Though DFS’s legality arose from provisions within the US’s 2006 Unlawful Internet Gambling Enforcement Act (UIGEA) and its legality has been judged differently in various US states, Monmouth Park’ motions asserts that the entire niche was illegal under PASPA and thus represented a massive and hypocritical example of selective enforcement by the leagues and the US’s Department of Justice.

In an allegation that also tosses some heat Nevada’s way, the motion offers this:

In addition to making blatantly false sworn statements to this Court in their Verified Complaint and Commissioners’ Declarations, the Leagues have selectively enforced PASPA’s prohibitions thereby securing for themselves a sports betting dual monopoly with Nevada. Absent from the Leagues’ Complaint is any mention that PASPA prohibits not only state licensing or authorization by law of sports betting on “games” but also on “one or more performances of such athletes in such games.”

Even though betting on the “performances” of “athletes” was prohibited by PASPA, the Leagues did nothing to enforce PASPA’s prohibitions against fantasy bets being placed on their players’ “performances” in the Leagues’ games. To the contrary, the Leagues aggressively promoted – and even own – businesses that make millions from bets made on the “performances” of the Leagues’ “athletes” in the Leagues’ games.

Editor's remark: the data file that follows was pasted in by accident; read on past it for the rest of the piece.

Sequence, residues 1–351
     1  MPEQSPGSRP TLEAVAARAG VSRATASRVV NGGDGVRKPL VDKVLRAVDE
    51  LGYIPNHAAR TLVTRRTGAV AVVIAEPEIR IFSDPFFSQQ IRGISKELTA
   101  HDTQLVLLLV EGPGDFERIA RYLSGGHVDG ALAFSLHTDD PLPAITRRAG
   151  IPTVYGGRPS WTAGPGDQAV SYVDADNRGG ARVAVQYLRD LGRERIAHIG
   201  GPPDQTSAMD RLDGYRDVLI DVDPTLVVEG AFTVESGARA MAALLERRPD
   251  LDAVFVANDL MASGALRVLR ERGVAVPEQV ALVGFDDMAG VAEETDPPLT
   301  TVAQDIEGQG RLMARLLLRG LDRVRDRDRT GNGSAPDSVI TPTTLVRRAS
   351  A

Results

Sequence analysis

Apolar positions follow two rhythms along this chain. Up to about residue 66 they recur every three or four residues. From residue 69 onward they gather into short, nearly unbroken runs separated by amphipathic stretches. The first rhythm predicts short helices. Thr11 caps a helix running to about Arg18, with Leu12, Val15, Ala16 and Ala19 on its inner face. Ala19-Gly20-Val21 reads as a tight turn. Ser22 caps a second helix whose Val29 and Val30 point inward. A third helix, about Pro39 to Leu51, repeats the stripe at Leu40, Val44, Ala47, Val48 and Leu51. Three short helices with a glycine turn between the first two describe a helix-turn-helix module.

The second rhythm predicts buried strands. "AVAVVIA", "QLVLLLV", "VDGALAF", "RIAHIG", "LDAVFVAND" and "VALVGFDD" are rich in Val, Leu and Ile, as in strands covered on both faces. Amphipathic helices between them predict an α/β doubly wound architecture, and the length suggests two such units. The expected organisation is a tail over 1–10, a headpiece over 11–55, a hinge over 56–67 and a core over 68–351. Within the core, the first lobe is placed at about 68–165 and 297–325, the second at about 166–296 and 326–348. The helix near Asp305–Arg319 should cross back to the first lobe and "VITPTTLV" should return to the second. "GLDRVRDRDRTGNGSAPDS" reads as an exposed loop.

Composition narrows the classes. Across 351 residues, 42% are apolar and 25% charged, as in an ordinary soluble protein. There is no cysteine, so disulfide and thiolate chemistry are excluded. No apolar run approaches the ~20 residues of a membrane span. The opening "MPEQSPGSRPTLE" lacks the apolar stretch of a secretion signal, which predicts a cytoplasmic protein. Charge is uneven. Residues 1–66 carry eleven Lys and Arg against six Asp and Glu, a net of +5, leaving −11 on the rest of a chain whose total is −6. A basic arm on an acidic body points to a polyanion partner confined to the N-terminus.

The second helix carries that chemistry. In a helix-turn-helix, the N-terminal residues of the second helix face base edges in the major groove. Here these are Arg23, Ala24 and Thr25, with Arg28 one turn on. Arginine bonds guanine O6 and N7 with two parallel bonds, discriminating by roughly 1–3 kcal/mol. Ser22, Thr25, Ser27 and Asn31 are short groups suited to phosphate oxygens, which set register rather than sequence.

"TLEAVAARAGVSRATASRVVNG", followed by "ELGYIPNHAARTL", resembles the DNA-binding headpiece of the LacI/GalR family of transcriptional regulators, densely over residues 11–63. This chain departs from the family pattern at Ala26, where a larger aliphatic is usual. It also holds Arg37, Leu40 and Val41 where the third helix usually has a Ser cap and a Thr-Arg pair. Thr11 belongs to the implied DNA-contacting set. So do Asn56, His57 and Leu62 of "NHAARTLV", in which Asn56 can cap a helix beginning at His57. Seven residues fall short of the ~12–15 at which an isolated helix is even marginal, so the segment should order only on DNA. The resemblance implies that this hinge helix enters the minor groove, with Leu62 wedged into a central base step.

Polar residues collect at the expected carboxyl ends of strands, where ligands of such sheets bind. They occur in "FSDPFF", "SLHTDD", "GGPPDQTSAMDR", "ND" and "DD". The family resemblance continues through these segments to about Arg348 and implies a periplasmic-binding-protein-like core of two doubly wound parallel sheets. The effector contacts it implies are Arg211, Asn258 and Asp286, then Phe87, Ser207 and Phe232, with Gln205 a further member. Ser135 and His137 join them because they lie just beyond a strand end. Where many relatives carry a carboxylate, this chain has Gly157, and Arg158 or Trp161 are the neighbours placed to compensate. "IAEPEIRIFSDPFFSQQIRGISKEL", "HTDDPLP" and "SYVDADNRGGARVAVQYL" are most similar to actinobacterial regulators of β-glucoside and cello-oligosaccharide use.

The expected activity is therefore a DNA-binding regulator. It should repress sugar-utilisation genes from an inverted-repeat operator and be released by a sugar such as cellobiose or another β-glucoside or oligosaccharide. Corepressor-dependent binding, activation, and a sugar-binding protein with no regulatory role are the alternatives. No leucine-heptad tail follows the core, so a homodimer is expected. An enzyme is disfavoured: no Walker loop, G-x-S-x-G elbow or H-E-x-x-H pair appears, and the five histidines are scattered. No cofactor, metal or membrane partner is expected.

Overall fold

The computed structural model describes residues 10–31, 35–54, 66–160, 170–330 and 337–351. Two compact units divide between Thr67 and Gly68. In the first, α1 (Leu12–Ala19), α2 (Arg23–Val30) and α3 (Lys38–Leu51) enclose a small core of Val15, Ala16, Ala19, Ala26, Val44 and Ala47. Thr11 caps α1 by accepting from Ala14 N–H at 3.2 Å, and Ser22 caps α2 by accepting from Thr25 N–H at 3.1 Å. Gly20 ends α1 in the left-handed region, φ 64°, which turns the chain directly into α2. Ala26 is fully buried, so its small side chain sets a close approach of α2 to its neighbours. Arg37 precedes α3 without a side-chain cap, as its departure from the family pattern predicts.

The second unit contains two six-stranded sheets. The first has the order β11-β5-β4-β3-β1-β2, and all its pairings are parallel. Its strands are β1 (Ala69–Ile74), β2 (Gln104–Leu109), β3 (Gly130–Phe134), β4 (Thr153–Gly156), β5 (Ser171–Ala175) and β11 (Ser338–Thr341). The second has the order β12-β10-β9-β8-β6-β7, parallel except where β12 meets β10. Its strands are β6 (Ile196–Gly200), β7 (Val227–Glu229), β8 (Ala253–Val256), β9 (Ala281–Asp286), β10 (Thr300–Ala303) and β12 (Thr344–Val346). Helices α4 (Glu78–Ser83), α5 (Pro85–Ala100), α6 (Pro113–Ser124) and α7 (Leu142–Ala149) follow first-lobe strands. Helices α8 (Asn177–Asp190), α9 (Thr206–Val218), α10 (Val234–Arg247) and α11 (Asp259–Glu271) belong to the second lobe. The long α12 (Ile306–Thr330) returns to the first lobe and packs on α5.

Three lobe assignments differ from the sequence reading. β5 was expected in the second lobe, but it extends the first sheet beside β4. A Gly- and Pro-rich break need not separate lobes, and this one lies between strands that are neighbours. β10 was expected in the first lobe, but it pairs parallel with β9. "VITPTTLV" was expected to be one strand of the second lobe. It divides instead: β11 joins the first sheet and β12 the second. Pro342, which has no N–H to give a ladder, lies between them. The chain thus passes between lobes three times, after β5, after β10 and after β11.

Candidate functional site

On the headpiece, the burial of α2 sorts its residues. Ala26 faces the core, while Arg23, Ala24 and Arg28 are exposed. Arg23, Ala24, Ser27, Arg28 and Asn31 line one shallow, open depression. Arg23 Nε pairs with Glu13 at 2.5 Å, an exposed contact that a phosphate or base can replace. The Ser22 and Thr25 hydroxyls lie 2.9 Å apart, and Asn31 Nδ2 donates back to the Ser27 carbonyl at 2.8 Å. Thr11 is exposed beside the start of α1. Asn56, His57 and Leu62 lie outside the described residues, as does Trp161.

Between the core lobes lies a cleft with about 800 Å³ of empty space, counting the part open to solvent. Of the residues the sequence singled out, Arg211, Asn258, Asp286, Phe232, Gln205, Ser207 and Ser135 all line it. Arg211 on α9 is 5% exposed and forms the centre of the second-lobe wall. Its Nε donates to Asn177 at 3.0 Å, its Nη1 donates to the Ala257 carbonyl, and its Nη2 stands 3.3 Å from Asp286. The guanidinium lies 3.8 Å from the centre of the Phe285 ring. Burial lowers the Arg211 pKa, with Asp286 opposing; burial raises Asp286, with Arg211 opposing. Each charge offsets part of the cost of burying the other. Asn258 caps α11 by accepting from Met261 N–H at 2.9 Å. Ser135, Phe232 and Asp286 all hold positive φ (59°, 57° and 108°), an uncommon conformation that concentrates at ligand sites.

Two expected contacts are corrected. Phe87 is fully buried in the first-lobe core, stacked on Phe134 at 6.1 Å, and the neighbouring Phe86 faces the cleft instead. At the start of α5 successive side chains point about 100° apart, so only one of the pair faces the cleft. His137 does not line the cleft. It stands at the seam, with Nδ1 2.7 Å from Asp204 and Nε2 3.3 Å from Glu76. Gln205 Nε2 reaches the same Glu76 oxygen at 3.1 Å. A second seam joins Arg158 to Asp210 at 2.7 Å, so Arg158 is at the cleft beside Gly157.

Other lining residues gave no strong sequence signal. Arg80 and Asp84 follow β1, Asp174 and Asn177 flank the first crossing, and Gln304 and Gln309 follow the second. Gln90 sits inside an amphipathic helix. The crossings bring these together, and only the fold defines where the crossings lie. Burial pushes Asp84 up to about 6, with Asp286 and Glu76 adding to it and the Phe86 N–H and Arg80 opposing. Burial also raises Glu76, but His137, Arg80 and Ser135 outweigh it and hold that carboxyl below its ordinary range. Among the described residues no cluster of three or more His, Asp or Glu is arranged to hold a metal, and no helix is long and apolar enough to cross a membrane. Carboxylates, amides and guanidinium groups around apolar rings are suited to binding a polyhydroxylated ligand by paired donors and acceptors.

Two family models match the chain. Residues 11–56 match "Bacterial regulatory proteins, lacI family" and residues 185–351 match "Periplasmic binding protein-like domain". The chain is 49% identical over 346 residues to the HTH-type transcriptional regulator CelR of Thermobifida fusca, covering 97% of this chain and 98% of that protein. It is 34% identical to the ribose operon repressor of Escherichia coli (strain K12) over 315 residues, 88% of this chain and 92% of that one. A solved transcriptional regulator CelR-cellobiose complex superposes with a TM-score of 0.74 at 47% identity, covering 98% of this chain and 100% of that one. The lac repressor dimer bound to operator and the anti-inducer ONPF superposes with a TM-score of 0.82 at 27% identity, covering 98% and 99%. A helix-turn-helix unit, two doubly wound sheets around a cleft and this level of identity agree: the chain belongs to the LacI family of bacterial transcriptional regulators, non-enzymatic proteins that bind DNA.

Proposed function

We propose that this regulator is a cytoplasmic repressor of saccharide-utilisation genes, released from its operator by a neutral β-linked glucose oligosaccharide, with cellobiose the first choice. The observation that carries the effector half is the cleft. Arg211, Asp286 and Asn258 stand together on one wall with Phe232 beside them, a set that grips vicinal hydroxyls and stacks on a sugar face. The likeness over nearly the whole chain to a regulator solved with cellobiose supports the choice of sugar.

Over $150M sought

Monmouth Park seeks damages in several forms for what it alleges is years of hypocritical and bad-faith conduct by the leagues that imperiled the park’s survival. The asked-for damages begin with $3.4m (£2.55m) bond posted by the leagues, in two separate $1.7M chunks, when they sued to stop New Jersey’s legalization plans. The motion notes that, while the State of New Jersey was permanently barred from recovering under the bond, the privately-owned NJTHA was not.

However, the track asserts that the actual damages are much, much higher. Included among many hundreds of supporting documentation are analyses from OnlinePokerReport and LegalSportsReport owner Chris Grove asserts that ” lost estimated sportsbook wins that Monmouth Park could have had during the period October 26, 2014 – May 14, 2018 is $149,977,173″.

The motion adds, “This sum does not include other damages Monmouth Park has suffered as the result of having been prevented from accepting sports bets”. Elsewhere in the motion for judgment, Monmouth Park seeks interest, attorneys’ fees, and court costs.